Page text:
(CMT Offstage keeps a 24/7 watch on everything that's happening with country music artists behind the scenes and out of the spotlight.)
Country songwriter Mark Irwin was in Chicago on Thursday (Jan. 24), and I had a chance to ask him about the songs he co-wrote on Tim McGraw's upcoming Two Lanes of Freedom album. Irwin, who refers to himself as a "song maker-upper," talked about what a really good song picker McGraw is.
"That he thought these songs were good enough to be in the whole lexicon of songs he recorded is really exciting," Irwin said. "He's one of the few artists who hasn't started writing, himself, just to put his names on songs. He turns to writer to do their jobs. That's always worked for him and he's a really smart guy."
Irwin, who grew up going to open mic nights in and around New York City, decided to pack up and move to Nashville in the late '80s after people kept telling him he was "way too country." And now, more than two decades later, he's certainly country enough. After writing songs for Alan Jackson, Martina McBride, Jimmy Buffett, Hank Williams Jr. and many others, he's now on the verge of McGraw's album release. The album has three songs that Irwin co-wrote, including the much-anticipated duet with Taylor Swift, "Highway Don't Care."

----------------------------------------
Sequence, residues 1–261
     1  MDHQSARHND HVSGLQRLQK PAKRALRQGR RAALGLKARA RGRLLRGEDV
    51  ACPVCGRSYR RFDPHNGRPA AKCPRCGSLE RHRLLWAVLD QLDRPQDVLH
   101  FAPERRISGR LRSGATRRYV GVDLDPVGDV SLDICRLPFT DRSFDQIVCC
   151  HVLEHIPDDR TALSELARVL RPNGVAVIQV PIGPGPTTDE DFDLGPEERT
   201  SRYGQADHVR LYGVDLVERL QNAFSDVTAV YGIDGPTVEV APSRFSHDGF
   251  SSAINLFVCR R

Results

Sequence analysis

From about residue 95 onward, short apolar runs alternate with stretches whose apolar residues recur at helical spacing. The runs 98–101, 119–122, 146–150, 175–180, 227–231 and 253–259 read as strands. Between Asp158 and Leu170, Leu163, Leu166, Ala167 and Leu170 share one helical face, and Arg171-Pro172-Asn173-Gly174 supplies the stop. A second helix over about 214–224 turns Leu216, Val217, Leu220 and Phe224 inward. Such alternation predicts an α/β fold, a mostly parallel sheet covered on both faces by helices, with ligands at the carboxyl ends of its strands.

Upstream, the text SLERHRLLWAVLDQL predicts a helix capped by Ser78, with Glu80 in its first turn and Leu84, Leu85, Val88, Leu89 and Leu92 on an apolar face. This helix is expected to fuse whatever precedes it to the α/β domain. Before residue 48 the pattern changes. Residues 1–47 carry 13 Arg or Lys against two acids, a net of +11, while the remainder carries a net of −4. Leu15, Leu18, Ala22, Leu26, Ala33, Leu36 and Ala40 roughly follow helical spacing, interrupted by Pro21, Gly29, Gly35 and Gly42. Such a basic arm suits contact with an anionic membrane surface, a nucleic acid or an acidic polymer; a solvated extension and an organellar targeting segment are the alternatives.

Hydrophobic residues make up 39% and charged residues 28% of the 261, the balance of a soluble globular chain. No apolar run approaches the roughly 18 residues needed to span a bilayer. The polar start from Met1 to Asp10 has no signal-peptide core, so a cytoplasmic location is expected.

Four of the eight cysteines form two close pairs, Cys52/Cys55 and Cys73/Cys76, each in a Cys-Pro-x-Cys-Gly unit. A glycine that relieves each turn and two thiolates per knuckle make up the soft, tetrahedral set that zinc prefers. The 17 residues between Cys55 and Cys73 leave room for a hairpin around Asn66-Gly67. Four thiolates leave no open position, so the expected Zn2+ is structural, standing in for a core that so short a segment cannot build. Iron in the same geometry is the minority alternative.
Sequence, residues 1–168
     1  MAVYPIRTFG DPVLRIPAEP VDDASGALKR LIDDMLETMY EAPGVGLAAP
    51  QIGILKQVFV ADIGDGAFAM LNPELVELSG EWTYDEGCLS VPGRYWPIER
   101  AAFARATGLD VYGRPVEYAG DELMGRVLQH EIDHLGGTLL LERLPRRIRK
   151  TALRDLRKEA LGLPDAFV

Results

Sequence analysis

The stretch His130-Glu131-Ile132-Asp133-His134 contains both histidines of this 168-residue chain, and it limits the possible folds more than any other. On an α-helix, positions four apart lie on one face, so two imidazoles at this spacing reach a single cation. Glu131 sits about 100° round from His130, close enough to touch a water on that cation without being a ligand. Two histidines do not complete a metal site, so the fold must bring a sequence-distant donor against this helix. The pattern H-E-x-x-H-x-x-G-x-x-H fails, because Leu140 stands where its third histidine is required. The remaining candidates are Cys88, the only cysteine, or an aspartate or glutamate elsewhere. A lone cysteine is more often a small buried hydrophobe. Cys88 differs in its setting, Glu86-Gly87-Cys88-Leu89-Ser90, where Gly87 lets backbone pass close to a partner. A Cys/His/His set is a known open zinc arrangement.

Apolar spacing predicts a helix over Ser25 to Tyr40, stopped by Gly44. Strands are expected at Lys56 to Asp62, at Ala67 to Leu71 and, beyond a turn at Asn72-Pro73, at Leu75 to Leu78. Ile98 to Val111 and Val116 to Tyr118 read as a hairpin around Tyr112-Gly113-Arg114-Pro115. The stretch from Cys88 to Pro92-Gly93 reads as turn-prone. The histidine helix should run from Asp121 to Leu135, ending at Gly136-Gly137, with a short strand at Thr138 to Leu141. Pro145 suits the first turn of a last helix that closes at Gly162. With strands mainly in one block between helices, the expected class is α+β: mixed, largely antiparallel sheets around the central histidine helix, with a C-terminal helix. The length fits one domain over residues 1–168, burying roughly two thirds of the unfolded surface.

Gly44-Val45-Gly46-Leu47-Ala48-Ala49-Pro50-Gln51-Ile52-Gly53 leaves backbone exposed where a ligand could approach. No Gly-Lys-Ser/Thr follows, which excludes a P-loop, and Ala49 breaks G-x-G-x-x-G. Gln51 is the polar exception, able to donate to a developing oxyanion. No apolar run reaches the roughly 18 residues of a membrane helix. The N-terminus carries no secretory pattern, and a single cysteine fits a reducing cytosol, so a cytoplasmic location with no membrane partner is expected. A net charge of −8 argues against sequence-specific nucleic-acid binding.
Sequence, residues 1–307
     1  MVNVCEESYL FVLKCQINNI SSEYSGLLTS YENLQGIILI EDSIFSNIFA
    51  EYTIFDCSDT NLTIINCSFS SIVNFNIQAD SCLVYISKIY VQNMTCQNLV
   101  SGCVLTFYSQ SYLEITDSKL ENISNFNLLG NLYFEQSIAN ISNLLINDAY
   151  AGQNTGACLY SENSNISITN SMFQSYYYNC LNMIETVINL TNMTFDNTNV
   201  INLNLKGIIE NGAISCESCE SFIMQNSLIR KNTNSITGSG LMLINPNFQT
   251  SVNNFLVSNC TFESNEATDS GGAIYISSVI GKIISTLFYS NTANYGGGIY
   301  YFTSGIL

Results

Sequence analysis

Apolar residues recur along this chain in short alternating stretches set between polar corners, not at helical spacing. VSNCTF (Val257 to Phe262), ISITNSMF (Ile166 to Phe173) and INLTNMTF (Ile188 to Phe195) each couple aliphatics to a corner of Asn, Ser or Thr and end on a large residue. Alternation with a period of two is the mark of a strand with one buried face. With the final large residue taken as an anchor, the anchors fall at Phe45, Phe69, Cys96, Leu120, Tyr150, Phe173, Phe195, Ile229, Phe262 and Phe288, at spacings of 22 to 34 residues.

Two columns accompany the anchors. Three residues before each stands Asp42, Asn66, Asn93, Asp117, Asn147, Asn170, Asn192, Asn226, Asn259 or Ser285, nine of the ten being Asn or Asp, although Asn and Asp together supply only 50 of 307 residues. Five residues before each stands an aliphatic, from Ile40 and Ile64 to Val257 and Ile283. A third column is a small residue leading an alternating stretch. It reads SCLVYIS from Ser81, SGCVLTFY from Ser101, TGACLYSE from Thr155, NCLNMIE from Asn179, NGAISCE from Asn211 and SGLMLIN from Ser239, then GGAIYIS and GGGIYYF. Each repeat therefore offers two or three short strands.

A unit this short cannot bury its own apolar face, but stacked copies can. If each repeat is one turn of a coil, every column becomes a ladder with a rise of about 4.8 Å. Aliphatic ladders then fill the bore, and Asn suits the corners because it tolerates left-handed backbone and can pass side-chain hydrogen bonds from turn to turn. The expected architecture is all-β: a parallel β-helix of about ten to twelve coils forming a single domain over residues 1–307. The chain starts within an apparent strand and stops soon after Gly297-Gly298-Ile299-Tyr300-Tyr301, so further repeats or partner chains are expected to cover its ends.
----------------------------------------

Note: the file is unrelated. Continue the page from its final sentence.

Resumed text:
"It was Tim who came up with the idea to put Taylor on it. It's basically about a guy leaving someone and driving around and trying to forget the person they're leaving," he said. "Then, of course, the song comes on the radio that reminds them of that person and makes them think about things even more." He described it as a mid-tempo kind of groove and very modern country. "It's just very Tim." Keith Urban has a guitar solo on the song, and when I asked Irwin about that, he said, "Tim really wanted to make this song an event."
Other songs Irwin helped pen include "Friend of a Friend" and "Tinted Windows." That one, he told me, is about first cars and first loves. "It's an old story about how through the years, things can change and how love can fade," Irwin said. "It's a metaphor for looking into his lover's eyes, and her eyes are tinted windows, so he's not sure what he sees behind them."